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Sketch 101: Day 6 of 7

Bézier Curves and the Pen Tool

Sketch 101

Get to grips with the pen tool by making another logo.

Today’s learning objectives

Yesterday we wrapped up our card design and turned it into a Symbol. We almost have all the parts we need for our layout. But there’s one more important thing we should study – the pen tool! Today we’ll be creating a better logo by drawing our own shape from scratch. We’ll cover how to...

  • Use the pen tool
  • Trace images to create shapes from scratch
  • Copy and paste assets between files

Reading & doing time: 40 mins (unless you pick up the pen tool like a pro!)

When we work in a bitmap editor like Photoshop, GIMP, or even Microsoft Paint, usually we are working with pixels and saving files made up of pixels. However, like Illustrator, Sketch is a vector image editor rather than a bitmap editor. This means that when we create shapes, what gets saved are mathematical instructions about how to plot curves, rather than just an array of pixel data. Vector shapes are highly flexible, and can easily be used in different programs and exported to any other image format.

Compare vector and pixel images
Compare vector and pixel images - zoomed in

So far we have been working with Sketch’s built-in shape tools, like the Oval and the Rectangle. But we needn’t restrict ourselves to simple shapes. By learning the pen tool, we can create complex, custom shapes with ease. Today, let’s learn the basics of how to draw shapes using the pen tool in Sketch.

Day 6 Tutorial: Create shapes with the pen tool

1. Download this Sketch file, which has shapes for you to trace

Don’t worry if your tracing isn’t perfect. The initial aim is just to get used to the principles of how the pen tool allows you to follow curves and create more complex shapes. Remember that you can press ⌘ + [Z] to undo the last action, and you can also use the [alt] and ⌘ keys while adding points and dragging handles. Doing this can give you more control over the shapes you’re creating. If you’re having trouble with this, check out the GIFs below!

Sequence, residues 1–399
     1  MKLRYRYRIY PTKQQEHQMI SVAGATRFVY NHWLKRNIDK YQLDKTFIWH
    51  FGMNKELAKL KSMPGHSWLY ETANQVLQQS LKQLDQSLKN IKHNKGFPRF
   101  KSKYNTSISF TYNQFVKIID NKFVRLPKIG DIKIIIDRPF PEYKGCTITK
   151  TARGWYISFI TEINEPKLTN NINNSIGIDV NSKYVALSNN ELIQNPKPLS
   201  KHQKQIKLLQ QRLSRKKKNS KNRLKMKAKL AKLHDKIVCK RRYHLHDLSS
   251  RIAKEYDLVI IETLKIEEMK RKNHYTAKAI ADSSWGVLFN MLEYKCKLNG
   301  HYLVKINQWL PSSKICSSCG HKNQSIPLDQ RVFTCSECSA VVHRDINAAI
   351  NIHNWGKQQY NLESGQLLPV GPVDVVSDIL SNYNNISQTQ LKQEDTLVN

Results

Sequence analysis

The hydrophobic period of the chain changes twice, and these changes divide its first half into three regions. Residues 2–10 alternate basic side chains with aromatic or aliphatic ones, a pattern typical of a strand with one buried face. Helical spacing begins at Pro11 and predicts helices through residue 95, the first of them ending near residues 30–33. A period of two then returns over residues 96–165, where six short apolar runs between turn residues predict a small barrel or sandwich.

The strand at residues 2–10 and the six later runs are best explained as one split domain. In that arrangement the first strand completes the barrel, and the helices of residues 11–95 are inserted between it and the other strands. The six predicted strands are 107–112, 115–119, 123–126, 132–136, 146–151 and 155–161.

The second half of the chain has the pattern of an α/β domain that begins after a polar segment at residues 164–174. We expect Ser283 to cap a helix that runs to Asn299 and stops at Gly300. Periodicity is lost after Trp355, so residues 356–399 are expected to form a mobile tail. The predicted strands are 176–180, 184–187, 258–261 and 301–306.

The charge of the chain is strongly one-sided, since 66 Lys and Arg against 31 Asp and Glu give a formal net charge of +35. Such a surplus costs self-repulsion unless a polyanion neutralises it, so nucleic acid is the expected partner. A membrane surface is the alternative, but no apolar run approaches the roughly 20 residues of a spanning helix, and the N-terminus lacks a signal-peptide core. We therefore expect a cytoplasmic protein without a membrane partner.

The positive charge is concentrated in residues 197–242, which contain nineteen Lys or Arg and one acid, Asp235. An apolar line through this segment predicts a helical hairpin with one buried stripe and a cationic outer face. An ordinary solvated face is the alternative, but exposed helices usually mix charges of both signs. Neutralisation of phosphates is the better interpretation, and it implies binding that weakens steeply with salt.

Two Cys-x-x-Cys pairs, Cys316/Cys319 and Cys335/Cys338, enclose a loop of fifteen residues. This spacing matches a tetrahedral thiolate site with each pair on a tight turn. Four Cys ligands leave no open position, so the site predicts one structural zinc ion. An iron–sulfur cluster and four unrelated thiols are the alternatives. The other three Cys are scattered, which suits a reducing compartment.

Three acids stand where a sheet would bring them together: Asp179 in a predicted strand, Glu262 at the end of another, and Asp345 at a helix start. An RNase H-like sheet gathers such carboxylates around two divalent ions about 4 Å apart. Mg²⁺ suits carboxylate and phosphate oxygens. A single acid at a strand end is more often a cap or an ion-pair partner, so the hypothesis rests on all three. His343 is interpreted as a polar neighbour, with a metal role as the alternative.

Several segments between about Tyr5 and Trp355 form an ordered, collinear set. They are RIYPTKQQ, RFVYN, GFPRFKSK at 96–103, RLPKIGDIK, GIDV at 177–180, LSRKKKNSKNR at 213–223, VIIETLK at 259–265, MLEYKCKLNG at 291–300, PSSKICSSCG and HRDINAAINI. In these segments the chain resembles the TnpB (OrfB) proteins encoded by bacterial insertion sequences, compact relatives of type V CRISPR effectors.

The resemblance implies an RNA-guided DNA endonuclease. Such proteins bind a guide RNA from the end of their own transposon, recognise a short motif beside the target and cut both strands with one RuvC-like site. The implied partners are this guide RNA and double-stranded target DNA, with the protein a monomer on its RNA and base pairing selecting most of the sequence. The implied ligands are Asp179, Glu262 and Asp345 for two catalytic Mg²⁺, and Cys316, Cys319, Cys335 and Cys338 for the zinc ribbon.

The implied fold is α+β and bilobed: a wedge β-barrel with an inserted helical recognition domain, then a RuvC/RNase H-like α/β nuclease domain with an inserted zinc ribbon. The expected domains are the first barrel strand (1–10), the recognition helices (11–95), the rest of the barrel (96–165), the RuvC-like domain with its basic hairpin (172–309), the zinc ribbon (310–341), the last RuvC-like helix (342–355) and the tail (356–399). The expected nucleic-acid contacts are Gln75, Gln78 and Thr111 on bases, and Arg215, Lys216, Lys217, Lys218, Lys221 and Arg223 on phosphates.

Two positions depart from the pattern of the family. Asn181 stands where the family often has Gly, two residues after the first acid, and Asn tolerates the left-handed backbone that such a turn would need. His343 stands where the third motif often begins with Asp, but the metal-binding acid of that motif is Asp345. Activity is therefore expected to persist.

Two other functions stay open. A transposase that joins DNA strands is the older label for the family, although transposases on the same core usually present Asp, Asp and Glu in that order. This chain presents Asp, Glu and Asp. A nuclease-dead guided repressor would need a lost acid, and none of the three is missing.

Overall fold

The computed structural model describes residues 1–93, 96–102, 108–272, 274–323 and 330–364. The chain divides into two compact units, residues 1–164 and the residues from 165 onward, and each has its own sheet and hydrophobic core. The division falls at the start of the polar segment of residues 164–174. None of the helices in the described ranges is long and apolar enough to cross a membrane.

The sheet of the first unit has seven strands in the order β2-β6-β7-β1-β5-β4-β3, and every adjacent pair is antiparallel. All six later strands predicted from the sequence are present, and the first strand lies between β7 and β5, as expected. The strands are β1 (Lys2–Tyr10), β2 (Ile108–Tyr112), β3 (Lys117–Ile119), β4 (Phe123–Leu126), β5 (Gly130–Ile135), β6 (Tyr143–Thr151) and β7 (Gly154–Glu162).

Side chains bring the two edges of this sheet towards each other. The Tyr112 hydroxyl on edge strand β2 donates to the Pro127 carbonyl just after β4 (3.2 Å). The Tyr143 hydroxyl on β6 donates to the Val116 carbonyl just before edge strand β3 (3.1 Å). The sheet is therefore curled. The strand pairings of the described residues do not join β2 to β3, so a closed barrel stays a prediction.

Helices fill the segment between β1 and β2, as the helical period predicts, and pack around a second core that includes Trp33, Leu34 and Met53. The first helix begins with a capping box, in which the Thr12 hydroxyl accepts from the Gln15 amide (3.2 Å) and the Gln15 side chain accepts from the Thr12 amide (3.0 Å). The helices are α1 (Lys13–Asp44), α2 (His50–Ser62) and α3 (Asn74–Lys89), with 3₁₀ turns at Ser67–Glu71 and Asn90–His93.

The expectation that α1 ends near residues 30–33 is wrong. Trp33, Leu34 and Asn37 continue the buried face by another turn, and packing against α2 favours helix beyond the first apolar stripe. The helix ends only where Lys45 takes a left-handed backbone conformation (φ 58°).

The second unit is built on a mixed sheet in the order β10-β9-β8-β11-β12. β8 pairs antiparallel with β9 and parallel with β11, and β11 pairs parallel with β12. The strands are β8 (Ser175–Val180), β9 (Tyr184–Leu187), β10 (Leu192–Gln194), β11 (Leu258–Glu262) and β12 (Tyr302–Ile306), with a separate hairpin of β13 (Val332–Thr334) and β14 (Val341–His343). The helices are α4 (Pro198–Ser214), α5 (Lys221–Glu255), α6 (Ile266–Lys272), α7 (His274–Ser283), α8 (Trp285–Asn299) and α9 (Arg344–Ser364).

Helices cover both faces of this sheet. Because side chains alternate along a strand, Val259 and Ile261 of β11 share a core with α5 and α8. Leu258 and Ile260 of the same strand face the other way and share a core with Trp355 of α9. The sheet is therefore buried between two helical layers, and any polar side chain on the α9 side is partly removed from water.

2. Trace the straight line using the pen tool

Note that to make a straight line, you just click to create a point at each end – you don’t need to drag. Actually, if you do drag, you’ll end up making a curve. Once you’ve created the second point, press [enter] or [escape] to exit the shape. Other ways to exit the shape include clicking “Finish Editing” in the Inspector, or right-clicking and selecting “Confirm”.

3. Trace the square.

This is the same as the straight line, except with more points. You can hold down the shift key while adding points to ensure that your lines are perfectly horizontal or vertical. (Note that in Sketch, the shift key doesn’t currently constraint the pen tool at 45 degree increments: only 90 degree increments.)

4. Trace the house.

Again, we’re still dealing with straight lines here rather than curves

5. Trace the circle

Now, let’s start to create some curves. Whereas straight lines are created by just clicking to insert points, to create a curve we need to click and then drag. By dragging, we create a handle of a certain length and in a certain direction that determines how the curve will relate to the next point on the path

6. Trace the heart shape

For this one, you need to change each point to be a “disconnected” node. You can do this either by clicking the “Disconnected” option in the Inspector (as in the GIF above), or by using a keyboard shortcut while in the pen tool. Pressing “3” while dragging will select the “Disconnected” option. Here, Disconnected means that the point’s handles can be used completely independently of one another.

7. Incorporate the heart shape into your design as a new logo

Once you’ve finished tracing those images, select the heart shape you drew, and then press ⌘ + [C] to copy it to the clipboard. Go back to the Sketch file with your work from the past week, and select the Day 6 artboard. Press ⌘ + [V] to paste the icon in. Replace the house icon you created previously, and resize and re-color the new icon to however you like it.

8. Duplicate your artboard and rename it “Day 7” ready for tomorrow!

Congrats, you’ve covered the pen tool! You won’t be comfortable with it yet after just a few exercises. Keep practicing though, and it’ll soon start to come naturally. If you’re into illustration or creating your own icons, learning to draw with the pen tool is a huge advantage.

Anything in particular you found difficult when tracing those shapes? Give us a shout in the comments or let us know on Twitter, and we’ll send you some tips.

Bonus material

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Put Everything Together and Export it

Draw together all your work into a unified web layout.

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